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Open Access Publications from the University of California

Revealing the Electrochemical Charging Mechanism of Nanosized Li2S by in Situ and Operando X-ray Absorption Spectroscopy.

  • Author(s): Zhang, Liang
  • Sun, Dan
  • Feng, Jun
  • Cairns, Elton J
  • Guo, Jinghua
  • et al.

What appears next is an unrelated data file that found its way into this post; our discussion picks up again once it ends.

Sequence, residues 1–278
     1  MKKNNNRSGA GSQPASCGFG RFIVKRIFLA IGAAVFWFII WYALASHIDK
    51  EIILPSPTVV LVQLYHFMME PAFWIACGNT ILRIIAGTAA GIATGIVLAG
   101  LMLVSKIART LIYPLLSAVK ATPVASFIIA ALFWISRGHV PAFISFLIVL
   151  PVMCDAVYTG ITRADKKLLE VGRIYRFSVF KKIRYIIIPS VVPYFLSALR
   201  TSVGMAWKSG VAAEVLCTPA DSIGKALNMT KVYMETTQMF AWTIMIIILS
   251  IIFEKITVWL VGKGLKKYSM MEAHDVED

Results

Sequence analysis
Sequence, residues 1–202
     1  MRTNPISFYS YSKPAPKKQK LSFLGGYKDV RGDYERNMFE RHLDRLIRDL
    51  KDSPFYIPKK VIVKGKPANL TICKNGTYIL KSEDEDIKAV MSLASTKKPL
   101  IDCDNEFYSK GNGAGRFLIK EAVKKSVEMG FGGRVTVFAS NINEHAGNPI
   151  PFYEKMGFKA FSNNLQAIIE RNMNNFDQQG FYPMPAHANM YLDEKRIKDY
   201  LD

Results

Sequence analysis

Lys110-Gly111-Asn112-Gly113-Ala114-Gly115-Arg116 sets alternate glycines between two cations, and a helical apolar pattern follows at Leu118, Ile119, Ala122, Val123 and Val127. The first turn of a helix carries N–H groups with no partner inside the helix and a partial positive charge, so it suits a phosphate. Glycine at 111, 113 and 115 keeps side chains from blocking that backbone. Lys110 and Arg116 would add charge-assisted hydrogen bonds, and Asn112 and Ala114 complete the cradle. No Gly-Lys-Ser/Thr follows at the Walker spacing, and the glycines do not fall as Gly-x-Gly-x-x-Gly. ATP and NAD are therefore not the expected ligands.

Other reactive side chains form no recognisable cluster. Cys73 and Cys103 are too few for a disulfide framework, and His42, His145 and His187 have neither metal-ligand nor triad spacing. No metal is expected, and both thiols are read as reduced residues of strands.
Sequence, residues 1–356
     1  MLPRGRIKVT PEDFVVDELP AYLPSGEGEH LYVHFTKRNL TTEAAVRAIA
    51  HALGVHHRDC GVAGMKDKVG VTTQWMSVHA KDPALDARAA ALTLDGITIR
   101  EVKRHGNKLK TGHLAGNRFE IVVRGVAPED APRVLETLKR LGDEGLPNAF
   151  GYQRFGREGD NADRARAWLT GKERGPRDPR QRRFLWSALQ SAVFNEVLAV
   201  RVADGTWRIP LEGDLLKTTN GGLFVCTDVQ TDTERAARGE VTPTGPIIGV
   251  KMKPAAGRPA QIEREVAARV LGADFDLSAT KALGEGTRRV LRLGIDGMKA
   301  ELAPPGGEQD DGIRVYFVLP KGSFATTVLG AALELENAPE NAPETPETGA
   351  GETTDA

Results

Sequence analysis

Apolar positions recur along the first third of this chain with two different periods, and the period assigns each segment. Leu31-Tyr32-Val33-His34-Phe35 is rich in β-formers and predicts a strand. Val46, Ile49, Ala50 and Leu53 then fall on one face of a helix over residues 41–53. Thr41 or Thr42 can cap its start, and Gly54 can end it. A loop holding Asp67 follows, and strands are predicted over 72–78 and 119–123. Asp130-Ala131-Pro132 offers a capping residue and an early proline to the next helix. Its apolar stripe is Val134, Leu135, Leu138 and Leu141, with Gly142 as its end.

Lithium sulfide (Li2S) is a promising cathode material for lithium-sulfur (Li/S) cells due to its high theoretical specific capacity (1166 mAh g-1) and ability to pair with nonmetallic lithium anodes to avoid potential safety issues. However, when used as the cathode, a high charging voltage (∼4 V versus Li+/Li) is always necessary to activate Li2S in the first charge process, and the voltage profile becomes similar to that of a common sulfur electrode in the following charge processes. In this report, we have prepared an electrode of nanosphere Li2S particles and investigated its charging mechanism of the initial two charge processes by in situ and operando X-ray absorption spectroscopy. The results indicate that Li2S is directly converted to elemental sulfur through a two-phase transformation in the first charge process, while it is oxidized first to polysulfides and then to sulfur in the second charge process. The origin of the different charging mechanisms and corresponding charge-voltage profiles of the first and second charge processes is found to be related to the remaining polysulfides at the end of the first discharge process: they can not only facilitate the charge-transfer process at the Li2S/electrolyte interface but also chemically react with Li2S and act as the polysulfide facilitator for the electrochemical oxidation of Li2S in the following charge processes. Our present study provides a new fundamental understanding of the charging mechanism of the Li2S electrode, which should be of help for the further development of high-performance Li/S cells.

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